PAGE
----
2 of 2 people found the following review helpful
5.0 out of 5 stars Great movie, despite what others think
This is a great movie. It's not about what happens at the end, it's about the lives of high school students, and the things they go throgh everyday. If you buy this expecting an action movie, that's not what you are going to get. It's a very chilling look into an "ordinary" school.
Published on May 19 2006
3.0 out of 5 stars I didn't like this film. I wanted to care. And I didn't.
Written and directed by Gus Van Sant, this film is about a massacre at a high school. The film is stark, and rather boring, showing the viewers a very ordinary day at the school. There are long shots of the students walking down corridors. There are glimpse of characters and incidents that seem to be leading somewhere but do not. There are unexplained details and one...
Published on July 2 2004 by Linda Linguvic
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2 of 2 people found the following review helpful
5.0 out of 5 stars Great movie, despite what others think,
By A Customer
This review is from: Elephant (DVD)This is a great movie. It's not about what happens at the end, it's about the lives of high school students, and the things they go throgh everyday. If you buy this expecting an action movie, that's not what you are going to get. It's a very chilling look into an "ordinary" school.
1 of 1 people found the following review helpful
4.0 out of 5 stars A Day In The Life,
This review is from: Elephant (DVD)Director Gus Van Sant's film is hypnotizing and disturbing. Filmed in a documentary style, the camera follows several students through one fateful day - one student at a time. The premise is reminiscent of any American High School. There are the jocks, the cheerleaders, the bookworms, the slackers, and the everyday kids. Van Sant has a clever technique where he is able to follow (stalk) each student as they walk down the hallways and pass from one to another as they go through their daytime routine. We also see the killers in preparation for the possible murders to follow. Everything is paced in a real time mode with no hurrying or jumpy editing. The viewer becomes an observer and a participant, watching normal activities slowly unfold to an almost ordinary conclusion - except that it is not. The false tranquility that the film possesses masks the unhappy insidiousness of these ordinary students lives. These kids could be your fellow classmates and that is one of the most powerful points of this film.
5.0 out of 5 stars beautiful,
This review is from: Elephant (DVD)This is more a 4.5, but we'll round up. It deserves such a high rating because it really portrays everyday life at highschool. Some call it 'boring', but that's just how day-to-day things go. I thought some scenes were a tad stretched out, and some not stretched out enough- my favorite it the scene where Alex is playing the piano. Anyway, I'll caution some, don't watch it if you're looking for a great Hollywood action film. Do watch it if you're looking for an atistic movie that will make you think.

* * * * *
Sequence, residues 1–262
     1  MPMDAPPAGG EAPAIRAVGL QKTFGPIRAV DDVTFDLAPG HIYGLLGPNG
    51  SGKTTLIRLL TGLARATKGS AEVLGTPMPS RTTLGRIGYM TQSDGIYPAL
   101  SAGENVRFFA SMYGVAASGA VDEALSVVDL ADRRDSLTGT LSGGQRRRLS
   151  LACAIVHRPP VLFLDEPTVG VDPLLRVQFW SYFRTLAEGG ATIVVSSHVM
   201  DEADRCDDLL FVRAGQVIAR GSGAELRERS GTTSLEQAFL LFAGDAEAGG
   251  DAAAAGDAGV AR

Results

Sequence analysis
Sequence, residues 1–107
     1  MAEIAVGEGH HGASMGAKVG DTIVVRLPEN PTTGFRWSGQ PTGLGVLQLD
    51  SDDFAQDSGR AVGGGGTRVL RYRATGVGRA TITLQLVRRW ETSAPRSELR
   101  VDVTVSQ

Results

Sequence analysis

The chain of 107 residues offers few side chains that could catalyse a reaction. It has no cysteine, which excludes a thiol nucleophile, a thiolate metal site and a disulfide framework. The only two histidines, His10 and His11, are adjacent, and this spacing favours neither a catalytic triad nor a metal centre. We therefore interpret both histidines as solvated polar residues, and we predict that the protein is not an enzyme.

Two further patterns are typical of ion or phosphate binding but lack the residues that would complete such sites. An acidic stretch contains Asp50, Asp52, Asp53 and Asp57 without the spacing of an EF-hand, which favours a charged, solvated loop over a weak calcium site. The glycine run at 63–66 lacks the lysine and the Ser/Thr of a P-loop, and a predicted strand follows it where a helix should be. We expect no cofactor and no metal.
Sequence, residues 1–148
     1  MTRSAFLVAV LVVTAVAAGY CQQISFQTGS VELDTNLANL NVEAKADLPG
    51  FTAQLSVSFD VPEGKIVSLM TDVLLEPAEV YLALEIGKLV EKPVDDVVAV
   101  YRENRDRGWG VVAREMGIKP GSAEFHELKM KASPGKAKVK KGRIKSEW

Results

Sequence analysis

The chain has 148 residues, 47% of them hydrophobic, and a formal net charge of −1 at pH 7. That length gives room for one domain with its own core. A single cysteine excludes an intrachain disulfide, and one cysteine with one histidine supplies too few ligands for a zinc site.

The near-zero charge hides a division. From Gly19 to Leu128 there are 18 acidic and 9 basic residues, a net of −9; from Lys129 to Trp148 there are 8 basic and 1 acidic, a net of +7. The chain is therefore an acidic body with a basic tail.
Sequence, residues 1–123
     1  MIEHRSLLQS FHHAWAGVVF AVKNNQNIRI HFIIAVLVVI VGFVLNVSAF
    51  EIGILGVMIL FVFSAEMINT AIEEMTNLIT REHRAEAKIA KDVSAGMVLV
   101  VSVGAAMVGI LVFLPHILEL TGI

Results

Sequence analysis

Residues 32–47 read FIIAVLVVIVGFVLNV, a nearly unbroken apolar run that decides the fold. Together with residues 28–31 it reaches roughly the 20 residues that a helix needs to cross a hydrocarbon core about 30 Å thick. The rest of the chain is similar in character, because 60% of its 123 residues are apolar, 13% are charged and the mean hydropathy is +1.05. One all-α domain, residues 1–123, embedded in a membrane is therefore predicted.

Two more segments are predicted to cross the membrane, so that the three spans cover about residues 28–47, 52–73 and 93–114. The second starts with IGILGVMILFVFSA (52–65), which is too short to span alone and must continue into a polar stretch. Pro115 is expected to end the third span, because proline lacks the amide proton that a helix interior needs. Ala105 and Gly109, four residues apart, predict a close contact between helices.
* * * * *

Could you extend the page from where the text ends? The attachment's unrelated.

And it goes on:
5.0 out of 5 stars ART,
This review is from: Elephant (DVD)although slow at times, this movie is really moving, i rented it after hearing about the movie, and im really glad i chose to see it and iam going to purchase it very soon,the camera work is something beautiful, a true piece of art, very haunting and real, gus van sant has accomplished a masterpeice and i highly reccomend it
5.0 out of 5 stars beautiful filmmaking, chilling subject matter,
This review is from: Elephant (DVD)Gus Van Sant has created a wonderful and disturbing film, creatively using long tracking shots that move from character to character and double-back in time, until we gradually view this high school as a fabric of kids and teachers each going about in their isolated but intimately linked day. It takes a little while to figure out who the shooters will be, and even then we don't get much insight into their motives, but from a dispassionate camera that's okay. I found that, even knowing what was coming up, the emotional impact of the carnage was not diminished, and by "carnage" I don't mean that this was gory or sensationalistic - just devastating.
Gus Van Sant wrote and directed and Diane Keaton executive produced this sobering look at an American high school, and it is worth seeing.
The film can be seen in wide- or fullscreen format and heard or subtitled in English, French or Spanish.
1.0 out of 5 stars I'm so glad I rented this garbage instead of buying it,
This review is from: Elephant (DVD)I rented this movie after hearing how good it was. I want the 80 minutes of my life I wasted watching this crappy movie back. Boring and slow paced. I understand the movie and I've learned not to waste my time watching a film in this style ever again.
5.0 out of 5 stars Beyond thought-provoking,
This review is from: Elephant (DVD)My initial reaction to Elephant was disappointment. But the more I thought about it, the more I realized how involved I had become in the movie. Though there is very little dialogue, and scenes glide effortlessly through long unedited shots, I felt as if I was a student at this high school. The 81 minute movie spends about 70 of those introducing the characters through their interactions with each other and the school. By the time the climax is reached, I genuinely felt a loss within myself. I found that my heart was racing, even as the film smoothly and slowly moved through the final moments.
I think that some people will come away from this movie feeling like too much of the story was left untold. I would tend to agree with that. Some characters are underdeveloped, but the emphasis on the film isn't necessarily to understand each individual, but to realize that they all represent a different type of student at any given high school. I'm sure we can all relate to at least one of them.
I was very impressed with the high school kids who were cast to act in the movie. You won't recognize a single name on the list, save Gus Van Sant. They all sold their parts well, especially considering their previous acting experience.